“What protocol did you use for your husband that helped his post-COVID pneumonia recovery?” I have been asked this question a lot and wish to share with you what I have learned.
Everyone is unique in how their immune system responds to an illness. Therefore, without knowing a person’s history, or herstory, I cannot make specific recommendations other than what I have shared in this post. But I can share what my experience has been working within my own family.
One of the things that I learned is that COVID pneumonia is eosinophilic pneumonia. It responds very well to corticosteroids. They admitted my husband to the hospital with septic pneumonia after having never had any lung issues or even bronchitis. After six days in ICU on high flow oxygen and a BiPap ventilator, he had a bronchoscopy performed. They had been unable to wean him off the oxygen, and it was frightening. I knew that the high percentage of oxygen he was on for so many days could cause lung damage, and he does indeed have scarring of the lungs as a result.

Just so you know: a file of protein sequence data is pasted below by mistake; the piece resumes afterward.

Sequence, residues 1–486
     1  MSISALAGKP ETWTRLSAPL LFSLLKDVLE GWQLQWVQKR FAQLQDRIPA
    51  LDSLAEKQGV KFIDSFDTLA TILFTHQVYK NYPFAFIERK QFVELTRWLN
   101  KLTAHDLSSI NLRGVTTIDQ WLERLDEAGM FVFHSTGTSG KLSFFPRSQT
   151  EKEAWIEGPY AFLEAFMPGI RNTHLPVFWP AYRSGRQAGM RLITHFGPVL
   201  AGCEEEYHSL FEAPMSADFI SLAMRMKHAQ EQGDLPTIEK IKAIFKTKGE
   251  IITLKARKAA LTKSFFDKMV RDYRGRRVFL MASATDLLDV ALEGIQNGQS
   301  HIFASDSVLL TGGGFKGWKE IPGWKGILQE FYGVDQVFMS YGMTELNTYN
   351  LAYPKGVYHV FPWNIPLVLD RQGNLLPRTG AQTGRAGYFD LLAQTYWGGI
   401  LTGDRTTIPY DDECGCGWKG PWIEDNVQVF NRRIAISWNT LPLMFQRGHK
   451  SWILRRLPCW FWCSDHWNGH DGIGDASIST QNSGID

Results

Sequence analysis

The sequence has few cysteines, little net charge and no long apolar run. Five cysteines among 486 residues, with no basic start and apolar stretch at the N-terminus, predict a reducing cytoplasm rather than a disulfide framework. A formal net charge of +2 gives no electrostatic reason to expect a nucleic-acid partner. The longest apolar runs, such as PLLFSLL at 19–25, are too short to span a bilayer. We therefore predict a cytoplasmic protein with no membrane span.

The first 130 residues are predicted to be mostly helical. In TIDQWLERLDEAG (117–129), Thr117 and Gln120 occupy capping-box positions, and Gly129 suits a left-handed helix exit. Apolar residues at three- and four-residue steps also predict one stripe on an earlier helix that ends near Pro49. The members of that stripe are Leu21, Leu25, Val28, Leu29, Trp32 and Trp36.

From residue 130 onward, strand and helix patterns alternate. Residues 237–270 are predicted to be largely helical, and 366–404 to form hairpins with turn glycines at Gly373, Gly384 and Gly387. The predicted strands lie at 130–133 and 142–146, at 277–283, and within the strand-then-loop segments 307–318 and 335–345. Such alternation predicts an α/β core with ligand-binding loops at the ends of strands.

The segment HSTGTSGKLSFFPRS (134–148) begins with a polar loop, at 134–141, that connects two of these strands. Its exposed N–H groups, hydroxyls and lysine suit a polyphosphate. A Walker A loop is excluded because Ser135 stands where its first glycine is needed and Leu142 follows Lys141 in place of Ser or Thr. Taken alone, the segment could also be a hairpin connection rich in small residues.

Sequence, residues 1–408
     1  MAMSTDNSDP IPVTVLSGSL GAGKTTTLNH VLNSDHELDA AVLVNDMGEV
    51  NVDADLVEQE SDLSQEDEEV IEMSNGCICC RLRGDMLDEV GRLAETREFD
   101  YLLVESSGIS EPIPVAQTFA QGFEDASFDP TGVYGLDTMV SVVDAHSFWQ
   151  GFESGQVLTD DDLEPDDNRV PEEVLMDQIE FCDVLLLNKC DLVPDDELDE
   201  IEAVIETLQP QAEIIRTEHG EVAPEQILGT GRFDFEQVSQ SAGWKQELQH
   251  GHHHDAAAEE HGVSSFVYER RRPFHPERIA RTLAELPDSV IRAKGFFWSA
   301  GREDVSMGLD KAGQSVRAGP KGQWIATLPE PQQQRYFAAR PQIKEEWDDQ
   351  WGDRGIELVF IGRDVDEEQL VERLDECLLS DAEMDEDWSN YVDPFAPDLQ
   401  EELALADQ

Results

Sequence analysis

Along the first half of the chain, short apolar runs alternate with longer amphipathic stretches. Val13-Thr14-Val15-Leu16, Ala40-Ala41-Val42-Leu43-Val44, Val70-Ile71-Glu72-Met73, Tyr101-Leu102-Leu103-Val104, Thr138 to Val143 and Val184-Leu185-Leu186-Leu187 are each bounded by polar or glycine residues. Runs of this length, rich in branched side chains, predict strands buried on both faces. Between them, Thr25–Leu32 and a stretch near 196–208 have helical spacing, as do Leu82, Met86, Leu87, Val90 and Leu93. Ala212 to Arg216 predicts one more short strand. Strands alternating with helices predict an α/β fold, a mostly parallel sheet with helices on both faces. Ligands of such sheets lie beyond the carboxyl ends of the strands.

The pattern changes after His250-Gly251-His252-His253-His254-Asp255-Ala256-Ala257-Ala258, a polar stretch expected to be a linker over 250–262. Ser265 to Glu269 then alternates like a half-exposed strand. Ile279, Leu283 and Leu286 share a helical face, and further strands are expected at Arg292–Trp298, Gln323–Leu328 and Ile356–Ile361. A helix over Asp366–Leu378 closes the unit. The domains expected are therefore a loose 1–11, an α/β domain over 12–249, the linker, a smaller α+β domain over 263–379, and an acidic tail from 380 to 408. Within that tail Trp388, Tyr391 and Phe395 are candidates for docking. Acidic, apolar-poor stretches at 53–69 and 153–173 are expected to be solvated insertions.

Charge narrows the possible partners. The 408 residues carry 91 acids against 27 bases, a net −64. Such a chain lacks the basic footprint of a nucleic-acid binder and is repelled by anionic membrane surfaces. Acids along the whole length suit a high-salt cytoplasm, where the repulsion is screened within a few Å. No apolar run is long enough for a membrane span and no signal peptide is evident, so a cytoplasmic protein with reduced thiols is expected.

The bronchoscopy results showed eosinophils, and they started IV steroids (prednisone) which turned him around immediately. He spent eight days in ICU and ten days in the hospital.
When he came home the goal was to get him off the steroids as quickly as possible because their damaging effects on the adrenal cortex are well known. It took longer than we thought, about six months. He also needed to build back his strength from having lost a lot of weight and muscle mass. It is a difficult thing to witness.
The strategy that worked for him is as follows:
• Bone broths are nourishing and provide protein and collagen for rebuilding tissue. Collagen is also healing to the gut and supportive to the joints. In Chinese Medicine the connection between the stomach (Earth Element) and lungs (Metal Element) is well known. I made organic beef and chicken bone broths from scratch, adding carrots, celery, onion, russet potatoes, bay leaves, and juniper berries. I also added the following Chinese herbs:
Polygonatum (Solomon’s Seal/Yu Zhu) moistening to the lungs and helps with dry cough. Click here to learn more.
Chinese yam (Shan Yao) strengthens the spleen and stomach, nourishes the kidneys, treats body fatigue.